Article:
In response to my column last week about the split between IT strategy and operations, several TechRepublic members responded that they have become disillusioned with the way the IT profession has developed and that they have a hard time recommending it as a career path to the next generation.TechRepublic member johnm23357 wrote, "I am glad my children don't want to go into IT. They saw their old man get long-term laid off in 2002 and decided that was it. My painful experience showed them that IT does not have the stability that would cause my kids to obtain a 4 year degree in any of the engineering professions... My children aren't alone either, many of the college students in the USA feel the same way. Why go into engineering or IT? We don't treat our engineers and programmers particularly well in this country. In this scenario they [are] laid off at the drop of a hat." Member Ron McNew wrote, " A few weeks ago, I had a couple of kids ask me what they should do for a career 'when we grow up.' I found that I couldn't look them in the eye and counsel them to acquire any skill. I've seen too many get deemphasized, right-sized, off-shored, outsourced, or outright replaced. I finally told them to try as many different activities as they could, and to keep track of them; especially keep any awards, certifications, or degrees that look good on paper, but not get stuck on any one thing. That way, when the time comes, they might recognize an opportunity when they see one, and know whether or not it was something they could do well, and be able to switch to the next one ASAP.
The question of why anyone in their right mind would want to become a technologist is an important one, but it won't affect next quarter's bottom line, and will not be addressed until it does."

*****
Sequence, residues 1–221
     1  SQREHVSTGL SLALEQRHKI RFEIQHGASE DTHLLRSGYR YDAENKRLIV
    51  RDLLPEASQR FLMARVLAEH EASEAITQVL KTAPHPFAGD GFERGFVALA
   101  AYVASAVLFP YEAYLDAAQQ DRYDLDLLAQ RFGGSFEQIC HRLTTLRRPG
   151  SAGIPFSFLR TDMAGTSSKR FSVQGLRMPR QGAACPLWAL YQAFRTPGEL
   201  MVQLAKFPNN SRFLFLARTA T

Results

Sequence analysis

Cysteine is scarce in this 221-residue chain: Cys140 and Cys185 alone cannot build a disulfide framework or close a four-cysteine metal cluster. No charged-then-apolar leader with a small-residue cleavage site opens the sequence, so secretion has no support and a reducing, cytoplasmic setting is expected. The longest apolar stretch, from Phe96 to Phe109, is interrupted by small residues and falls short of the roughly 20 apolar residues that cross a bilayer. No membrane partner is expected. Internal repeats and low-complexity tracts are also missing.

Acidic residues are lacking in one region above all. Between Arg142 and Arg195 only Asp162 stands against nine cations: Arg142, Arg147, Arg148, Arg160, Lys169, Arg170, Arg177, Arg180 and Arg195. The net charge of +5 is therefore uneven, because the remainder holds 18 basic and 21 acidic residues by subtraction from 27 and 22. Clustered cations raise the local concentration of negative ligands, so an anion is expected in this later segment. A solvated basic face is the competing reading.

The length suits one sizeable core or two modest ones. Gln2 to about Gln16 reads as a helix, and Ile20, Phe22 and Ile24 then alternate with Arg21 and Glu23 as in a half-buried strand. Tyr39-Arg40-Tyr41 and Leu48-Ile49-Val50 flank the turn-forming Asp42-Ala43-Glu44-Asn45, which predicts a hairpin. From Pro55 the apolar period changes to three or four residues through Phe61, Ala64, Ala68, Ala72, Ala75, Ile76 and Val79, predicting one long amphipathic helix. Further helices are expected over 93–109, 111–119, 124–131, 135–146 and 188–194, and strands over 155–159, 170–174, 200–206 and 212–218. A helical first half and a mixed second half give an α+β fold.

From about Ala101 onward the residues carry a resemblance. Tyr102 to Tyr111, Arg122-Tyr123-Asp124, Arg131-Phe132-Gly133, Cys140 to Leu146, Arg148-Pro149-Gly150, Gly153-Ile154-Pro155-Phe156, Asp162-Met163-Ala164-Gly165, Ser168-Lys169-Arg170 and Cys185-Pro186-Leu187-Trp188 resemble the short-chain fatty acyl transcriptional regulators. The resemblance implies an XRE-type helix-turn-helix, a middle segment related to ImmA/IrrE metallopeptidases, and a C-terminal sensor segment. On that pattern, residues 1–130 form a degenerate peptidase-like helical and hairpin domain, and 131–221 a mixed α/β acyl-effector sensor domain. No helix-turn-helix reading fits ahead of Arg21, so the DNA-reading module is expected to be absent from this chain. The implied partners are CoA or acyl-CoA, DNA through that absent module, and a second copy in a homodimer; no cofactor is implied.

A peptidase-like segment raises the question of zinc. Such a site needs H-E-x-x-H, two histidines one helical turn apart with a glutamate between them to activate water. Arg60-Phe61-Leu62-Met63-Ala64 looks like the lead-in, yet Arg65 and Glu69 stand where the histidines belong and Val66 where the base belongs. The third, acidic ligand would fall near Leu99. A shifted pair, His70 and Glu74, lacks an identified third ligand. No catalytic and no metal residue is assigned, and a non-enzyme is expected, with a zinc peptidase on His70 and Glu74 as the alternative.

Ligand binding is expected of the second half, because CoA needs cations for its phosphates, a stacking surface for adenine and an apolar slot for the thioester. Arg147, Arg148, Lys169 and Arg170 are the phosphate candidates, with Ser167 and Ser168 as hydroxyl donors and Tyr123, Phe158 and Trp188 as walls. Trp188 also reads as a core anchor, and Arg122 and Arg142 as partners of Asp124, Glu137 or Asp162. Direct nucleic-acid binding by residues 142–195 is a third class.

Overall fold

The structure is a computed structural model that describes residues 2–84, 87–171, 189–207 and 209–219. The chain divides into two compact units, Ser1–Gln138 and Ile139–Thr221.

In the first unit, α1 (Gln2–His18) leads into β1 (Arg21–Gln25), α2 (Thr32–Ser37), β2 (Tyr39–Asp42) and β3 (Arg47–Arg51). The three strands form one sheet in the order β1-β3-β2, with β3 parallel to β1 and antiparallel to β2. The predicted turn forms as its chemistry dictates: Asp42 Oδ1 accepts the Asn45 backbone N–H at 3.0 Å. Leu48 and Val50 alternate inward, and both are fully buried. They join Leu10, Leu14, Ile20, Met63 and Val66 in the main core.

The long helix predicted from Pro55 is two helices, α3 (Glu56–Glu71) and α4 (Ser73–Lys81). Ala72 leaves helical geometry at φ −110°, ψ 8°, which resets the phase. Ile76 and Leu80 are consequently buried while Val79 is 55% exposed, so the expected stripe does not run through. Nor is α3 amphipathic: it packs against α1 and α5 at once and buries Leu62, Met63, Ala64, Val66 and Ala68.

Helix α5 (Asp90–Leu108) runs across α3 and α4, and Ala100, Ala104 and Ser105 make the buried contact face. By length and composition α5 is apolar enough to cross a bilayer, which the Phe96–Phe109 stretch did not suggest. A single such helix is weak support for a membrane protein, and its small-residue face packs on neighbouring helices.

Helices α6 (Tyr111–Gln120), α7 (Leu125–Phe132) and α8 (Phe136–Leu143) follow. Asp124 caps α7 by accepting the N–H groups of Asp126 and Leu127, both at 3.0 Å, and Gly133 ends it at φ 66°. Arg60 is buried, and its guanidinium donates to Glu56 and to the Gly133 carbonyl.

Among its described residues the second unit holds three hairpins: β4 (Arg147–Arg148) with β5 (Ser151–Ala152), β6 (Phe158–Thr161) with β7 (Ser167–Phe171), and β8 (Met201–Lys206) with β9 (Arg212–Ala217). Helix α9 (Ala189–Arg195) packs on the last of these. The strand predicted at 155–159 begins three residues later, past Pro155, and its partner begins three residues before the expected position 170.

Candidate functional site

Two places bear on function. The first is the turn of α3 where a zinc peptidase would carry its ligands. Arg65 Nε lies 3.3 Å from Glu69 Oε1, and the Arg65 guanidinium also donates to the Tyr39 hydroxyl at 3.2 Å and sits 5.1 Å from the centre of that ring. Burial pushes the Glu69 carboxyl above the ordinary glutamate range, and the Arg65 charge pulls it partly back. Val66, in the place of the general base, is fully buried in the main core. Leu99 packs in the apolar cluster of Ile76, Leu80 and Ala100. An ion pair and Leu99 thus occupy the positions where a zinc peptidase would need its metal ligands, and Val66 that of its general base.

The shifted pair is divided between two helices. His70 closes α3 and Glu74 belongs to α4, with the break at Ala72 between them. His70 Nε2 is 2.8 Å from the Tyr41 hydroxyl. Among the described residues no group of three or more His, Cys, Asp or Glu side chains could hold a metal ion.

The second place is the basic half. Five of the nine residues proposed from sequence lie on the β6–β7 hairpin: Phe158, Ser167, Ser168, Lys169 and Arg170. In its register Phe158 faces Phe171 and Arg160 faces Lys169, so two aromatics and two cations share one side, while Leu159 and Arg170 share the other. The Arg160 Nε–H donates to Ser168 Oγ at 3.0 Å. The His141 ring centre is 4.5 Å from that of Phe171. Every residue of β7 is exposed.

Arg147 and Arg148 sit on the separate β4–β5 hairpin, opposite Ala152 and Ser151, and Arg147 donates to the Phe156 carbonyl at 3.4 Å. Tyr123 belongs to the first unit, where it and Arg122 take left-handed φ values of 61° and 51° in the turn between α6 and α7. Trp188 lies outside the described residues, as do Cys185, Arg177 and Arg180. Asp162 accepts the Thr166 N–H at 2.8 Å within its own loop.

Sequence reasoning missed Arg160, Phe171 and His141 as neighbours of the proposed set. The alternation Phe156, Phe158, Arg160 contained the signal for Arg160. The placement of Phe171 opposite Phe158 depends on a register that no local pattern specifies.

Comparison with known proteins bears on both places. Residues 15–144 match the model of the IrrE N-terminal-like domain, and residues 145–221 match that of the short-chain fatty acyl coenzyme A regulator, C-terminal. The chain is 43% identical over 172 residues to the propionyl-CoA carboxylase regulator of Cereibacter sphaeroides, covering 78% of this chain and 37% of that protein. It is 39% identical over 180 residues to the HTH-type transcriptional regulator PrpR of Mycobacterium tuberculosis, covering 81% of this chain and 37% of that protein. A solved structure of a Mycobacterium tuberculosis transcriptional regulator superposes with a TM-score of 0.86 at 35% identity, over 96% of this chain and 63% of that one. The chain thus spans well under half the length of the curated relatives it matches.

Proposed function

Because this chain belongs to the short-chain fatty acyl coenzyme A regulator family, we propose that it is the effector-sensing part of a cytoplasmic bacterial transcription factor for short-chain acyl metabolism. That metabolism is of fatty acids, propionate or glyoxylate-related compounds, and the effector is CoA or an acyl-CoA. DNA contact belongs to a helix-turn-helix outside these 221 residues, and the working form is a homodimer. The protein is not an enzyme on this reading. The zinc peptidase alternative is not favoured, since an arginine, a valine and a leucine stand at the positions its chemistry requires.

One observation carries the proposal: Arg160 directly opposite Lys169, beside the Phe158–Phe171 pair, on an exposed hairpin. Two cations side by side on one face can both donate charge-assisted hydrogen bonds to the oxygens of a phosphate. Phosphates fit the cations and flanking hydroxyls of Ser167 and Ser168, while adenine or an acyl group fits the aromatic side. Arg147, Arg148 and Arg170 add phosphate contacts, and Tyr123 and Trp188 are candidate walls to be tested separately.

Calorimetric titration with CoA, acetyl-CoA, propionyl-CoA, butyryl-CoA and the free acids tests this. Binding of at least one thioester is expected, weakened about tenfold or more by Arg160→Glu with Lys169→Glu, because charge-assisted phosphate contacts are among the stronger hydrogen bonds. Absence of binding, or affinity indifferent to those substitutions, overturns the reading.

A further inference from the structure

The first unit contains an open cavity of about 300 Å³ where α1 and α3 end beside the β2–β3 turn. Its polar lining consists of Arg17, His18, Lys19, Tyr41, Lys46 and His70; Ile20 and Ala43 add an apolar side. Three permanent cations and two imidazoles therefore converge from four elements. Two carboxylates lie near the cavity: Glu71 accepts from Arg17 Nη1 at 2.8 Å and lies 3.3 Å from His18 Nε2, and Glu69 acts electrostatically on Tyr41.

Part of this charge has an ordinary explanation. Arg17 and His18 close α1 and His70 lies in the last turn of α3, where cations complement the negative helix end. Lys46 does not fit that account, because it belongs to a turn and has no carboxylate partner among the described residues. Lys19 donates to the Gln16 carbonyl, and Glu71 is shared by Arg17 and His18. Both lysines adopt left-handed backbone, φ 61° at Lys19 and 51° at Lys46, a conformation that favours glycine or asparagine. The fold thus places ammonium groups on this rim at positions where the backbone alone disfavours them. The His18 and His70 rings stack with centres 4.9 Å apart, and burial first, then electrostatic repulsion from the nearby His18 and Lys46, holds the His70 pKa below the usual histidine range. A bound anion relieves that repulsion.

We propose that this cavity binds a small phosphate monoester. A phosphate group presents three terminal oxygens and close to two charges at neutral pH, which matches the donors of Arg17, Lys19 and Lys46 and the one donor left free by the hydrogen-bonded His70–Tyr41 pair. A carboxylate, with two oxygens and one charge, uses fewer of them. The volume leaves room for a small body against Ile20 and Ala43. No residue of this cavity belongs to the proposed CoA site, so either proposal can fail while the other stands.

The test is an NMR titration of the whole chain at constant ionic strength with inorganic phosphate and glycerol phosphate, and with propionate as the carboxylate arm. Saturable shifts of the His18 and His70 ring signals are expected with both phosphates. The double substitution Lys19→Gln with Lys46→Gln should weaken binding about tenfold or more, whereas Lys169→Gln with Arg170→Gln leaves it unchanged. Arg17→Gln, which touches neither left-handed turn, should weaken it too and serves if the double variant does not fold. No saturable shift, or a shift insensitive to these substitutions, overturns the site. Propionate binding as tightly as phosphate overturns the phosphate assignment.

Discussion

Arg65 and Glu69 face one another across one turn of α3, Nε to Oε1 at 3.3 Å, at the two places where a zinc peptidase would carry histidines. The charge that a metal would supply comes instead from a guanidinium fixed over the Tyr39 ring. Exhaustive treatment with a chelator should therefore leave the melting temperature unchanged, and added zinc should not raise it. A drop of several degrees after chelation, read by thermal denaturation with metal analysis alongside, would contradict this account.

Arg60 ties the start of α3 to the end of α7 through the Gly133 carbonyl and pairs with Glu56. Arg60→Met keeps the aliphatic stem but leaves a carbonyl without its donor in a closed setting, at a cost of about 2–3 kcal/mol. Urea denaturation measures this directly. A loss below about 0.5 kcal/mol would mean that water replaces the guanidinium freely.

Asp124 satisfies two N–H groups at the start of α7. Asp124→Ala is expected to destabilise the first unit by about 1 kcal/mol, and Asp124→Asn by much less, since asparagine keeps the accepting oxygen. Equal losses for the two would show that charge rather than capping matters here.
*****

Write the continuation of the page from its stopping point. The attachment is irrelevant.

I wasn't completely surprised to hear these opinions, since plenty of techies have experienced layoffs or general career turmoil during the consolidation period of the past five to six years, and it's natural for many of them to feel burned by the experience. However, I have to admit that I was disappointed to hear the pessimism about the future. That's probably because I still view IT as an enjoyable and rewarding career -- even though I don't work directly in IT any more. I also happen think that there's a great future in IT, and I will explain why and where I think the best opportunities are.
IT has a bright future because technology is pervading every aspect of culture, commerce, and life, and there are still many places on earth where technology will be spreading in the coming decades. Plus, there are still lots of inefficient processes in the world that will be automated, streamlined, and simplified by technology, and the world will need engineers to design the solutions, project managers to implement them, and technical professionals to support them.
Despite my optimism, I also believe that the IT profession is still in the midst of a major transition. One of the reasons the IT profession is changing is that users are getting much smarter (yes, you read that correctly -- that's not a joke). A lot of the IT jobs in the past decade have involved technologists translating computer technologies to Baby Boomers and cleaning up the messes made by the technologically illiterate.